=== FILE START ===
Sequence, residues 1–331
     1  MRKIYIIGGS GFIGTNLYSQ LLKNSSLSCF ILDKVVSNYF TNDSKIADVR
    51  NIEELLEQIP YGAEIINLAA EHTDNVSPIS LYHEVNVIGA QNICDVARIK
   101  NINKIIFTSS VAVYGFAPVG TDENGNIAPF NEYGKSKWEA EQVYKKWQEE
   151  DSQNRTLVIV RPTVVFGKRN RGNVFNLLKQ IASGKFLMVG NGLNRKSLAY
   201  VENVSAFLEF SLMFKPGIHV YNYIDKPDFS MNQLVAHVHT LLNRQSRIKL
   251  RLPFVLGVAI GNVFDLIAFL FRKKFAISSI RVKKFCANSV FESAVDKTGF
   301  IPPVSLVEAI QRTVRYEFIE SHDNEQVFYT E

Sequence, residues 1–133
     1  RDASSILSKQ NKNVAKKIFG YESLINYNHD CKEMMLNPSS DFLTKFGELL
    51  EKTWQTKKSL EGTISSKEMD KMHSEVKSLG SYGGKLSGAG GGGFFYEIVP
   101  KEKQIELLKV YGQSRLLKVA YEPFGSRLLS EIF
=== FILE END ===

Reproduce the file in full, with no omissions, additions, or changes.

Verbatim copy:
Sequence, residues 1–331
     1  MRKIYIIGGS GFIGTNLYSQ LLKNSSLSCF ILDKVVSNYF TNDSKIADVR
    51  NIEELLEQIP YGAEIINLAA EHTDNVSPIS LYHEVNVIGA QNICDVARIK
   101  NINKIIFTSS VAVYGFAPVG TDENGNIAPF NEYGKSKWEA EQVYKKWQEE
   151  DSQNRTLVIV RPTVVFGKRN RGNVFNLLKQ IASGKFLMVG NGLNRKSLAY
   201  VENVSAFLEF SLMFKPGIHV YNYIDKPDFS MNQLVAHVHT LLNRQSRIKL
   251  RLPFVLGVAI GNVFDLIAFL FRKKFAISSI RVKKFCANSV FESAVDKTGF
   301  IPPVSLVEAI QRTVRYEFIE SHDNEQVFYT E

Sequence, residues 1–133
     1  RDASSILSKQ NKNVAKKIFG YESLINYNHD CKEMMLNPSS DFLTKFGELL
    51  EKTWQTKKSL EGTISSKEMD KMHSEVKSLG SYGGKLSGAG GGGFFYEIVP
   101  KEKQIELLKV YGQSRLLKVA YEPFGSRLLS EIF